Rose Bateman explores the marriage of Victoria and Albert, the dynastic match turned love story which would help to define an age
Oh!” Victoria confided to her diary, “to feel I was, and am, loved by such an Angel as Albert was too great a delight to describe! he is perfection … Oh! how I love and adore him I cannot say!” The year was 1839, and – in accordance with queenly protocol – the young monarch had just proposed to her German first cousin, Prince Albert of Saxe-Coburg and Gotha.
His acceptance had been unhesitating. That such desire inflamed their mutual admiration was a boon; after all, Albert’s uncle Leopold of Saxe-Coburg and Gotha and King of the Belgians (also Victoria’s uncle) had set his cap at the British queen for one of his two nephews many years previously, when both were just children. Cool pragmatism it may have been, but Leopold understood that the canny union would strengthen his family’s influence in Europe.
Amid such expediency, it fell to the match-made cousins to supply the romance, which, duly, they did, despite Victoria’s naturally cautious nature. As a young princess, her childhood at Kensington Palace had been dominated by the tight shackles of her overbearing mother, the Duchess of Kent, along with her ambitious advisor, Sir John Conroy.
There, Conroy – keen to be seen as the power behind the throne should Victoria’s mother have become the regent – subjected the young princess to what became known as “the Kensington system”. In practice, this meant a strict timetable of improving lessons and minimal contact with other children.
As a consequence of the stifling regime, when Victoria finally acceded to the throne in 1837, her first wish was to eliminate such claustrophobic strangleholds. The last thing she wanted to do was to make a hasty marriage to a domineering man.
But despite her resolve not to rush into an imprudent alliance, Victoria found herself smitten. Her first meeting with Albert came at the behest of her mother when, on the princess’s 17th birthday, the Duchess invited him and his elder brother Ernst to Kensington Palace.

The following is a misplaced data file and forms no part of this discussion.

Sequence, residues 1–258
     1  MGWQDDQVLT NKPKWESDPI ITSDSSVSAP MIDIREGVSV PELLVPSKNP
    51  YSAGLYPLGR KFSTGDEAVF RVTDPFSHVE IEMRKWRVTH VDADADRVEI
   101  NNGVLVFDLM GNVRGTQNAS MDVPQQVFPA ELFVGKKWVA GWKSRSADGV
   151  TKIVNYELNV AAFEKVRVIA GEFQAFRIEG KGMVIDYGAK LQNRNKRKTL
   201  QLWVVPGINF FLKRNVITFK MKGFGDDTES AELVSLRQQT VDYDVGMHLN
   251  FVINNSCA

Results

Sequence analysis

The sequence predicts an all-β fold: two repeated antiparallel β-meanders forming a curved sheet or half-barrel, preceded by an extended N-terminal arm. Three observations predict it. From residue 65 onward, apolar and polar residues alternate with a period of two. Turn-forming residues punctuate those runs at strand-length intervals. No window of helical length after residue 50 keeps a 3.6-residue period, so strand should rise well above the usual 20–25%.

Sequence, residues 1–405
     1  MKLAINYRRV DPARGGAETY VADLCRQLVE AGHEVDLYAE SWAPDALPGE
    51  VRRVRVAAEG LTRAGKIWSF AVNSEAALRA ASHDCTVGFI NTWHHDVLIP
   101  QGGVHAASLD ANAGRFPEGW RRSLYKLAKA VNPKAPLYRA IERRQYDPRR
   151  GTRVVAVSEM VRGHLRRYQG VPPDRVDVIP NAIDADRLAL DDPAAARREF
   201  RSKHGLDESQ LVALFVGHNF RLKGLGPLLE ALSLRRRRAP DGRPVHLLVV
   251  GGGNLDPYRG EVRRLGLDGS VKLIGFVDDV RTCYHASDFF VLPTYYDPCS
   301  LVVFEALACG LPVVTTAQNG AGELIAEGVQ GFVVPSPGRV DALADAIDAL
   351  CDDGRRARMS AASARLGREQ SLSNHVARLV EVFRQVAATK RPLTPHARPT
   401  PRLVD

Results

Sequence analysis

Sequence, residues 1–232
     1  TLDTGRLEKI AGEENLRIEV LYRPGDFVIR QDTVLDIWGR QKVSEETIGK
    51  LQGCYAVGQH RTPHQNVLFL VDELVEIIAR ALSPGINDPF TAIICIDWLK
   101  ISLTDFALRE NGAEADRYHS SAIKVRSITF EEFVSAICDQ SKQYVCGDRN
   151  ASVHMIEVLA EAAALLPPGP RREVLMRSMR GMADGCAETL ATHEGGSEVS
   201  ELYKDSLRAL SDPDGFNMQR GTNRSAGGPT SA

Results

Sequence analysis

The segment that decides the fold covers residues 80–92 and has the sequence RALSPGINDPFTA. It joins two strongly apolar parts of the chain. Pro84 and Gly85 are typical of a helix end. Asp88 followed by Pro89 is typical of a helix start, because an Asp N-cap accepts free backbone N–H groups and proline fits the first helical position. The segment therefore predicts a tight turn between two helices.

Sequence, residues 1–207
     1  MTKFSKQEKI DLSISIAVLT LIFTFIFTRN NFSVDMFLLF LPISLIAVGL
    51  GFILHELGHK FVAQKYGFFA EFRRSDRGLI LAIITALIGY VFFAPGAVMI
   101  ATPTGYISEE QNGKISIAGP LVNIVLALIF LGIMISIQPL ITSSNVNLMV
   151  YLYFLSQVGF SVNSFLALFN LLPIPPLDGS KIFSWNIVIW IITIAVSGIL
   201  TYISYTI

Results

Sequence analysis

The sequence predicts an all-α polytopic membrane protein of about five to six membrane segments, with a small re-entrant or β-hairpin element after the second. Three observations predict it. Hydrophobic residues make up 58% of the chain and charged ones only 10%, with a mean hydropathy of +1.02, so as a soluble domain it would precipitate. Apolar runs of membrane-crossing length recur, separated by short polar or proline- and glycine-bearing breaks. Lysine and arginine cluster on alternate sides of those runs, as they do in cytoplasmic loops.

Immediately, Victoria was appreciative of his fine, Teutonic looks, as well as his musical abilities (the duo played piano duets together) and later wrote to her uncle to tell him that Albert’s departure had caused her to weep piteously.
Neither was this was appreciation unilateral. For his part, Albert sent his young paramour gifts from the Continent and wished her “a long, glorious and happy reign” upon her coronation at Westminster Abbey. Having acceded, however, Victoria was in a more cautious frame of mind, taking her time to invite Albert and Ernst to England a second time. When she did receive them, this time at Windsor Castle, all notions of restraint dissipated the moment she saw the prince; just a few days later, Victoria proposed to Albert in a private room in the castle. Leopold’s plans for his nephew had borne fruit.
Victoria and Albert’s engagement was a happy one; no opportunity to dart into private corners for clandestine clinches was foregone. There was, however, one bone of contention: what exactly Albert’s role and rank would be and, moreover, how much he would be paid. It was a power struggle some maintain lasted throughout the marriage, despite the couple’s great and abiding love for one another; as Albert opined, “I am very happy and contented; but the difficulty in filling my place with the proper dignity is that I am only the husband, not the master in the house.” But there was a resolution; in spite of some public disdain at the idea of paying for a foreign prince, Albert was invested with the Order of the Garter in 1840. His many great works later on saw his reception among the British public redeemed.
A royal wedding
In February, 1840, crowds thronged the streets from Buckingham Palace – where Victoria set off in a procession of carriages – to St James’s Palace, where the first reigning queen since Mary I wed her beloved prince in the Chapel Royal at 1pm.
She wore white silk satin and lace, a white veil and a diamond necklace as she glided up the aisle to Handel’s “See, the Conqu’ring Hero Comes”, holding orange blossom and with 12 bridesmaids carrying her train. There to meet her at the altar, Victoria’s hero looked dashing in a British field marshal uniform. After the ceremony, guests repaired to Buckingham Palace (where Victoria had moved to escape her mother) to feast on a gargantuan cake weighing 300lb. The wedding had been a triumph, in the eyes of the public and the couple. Victoria wrote of it as “the happiest day of my life”. The wedding night was, in her own words, “most gratifying”.
It is a given that the role of head of state rarely allows for indolence. But the assiduous tenor of Victoria’s reign was surely marked, even for a monarch. Unlike some of her predecessors, the Queen eschewed frivolity and indulgence in favour of industry (literally speaking, her reign coincided with the Industrial Revolution).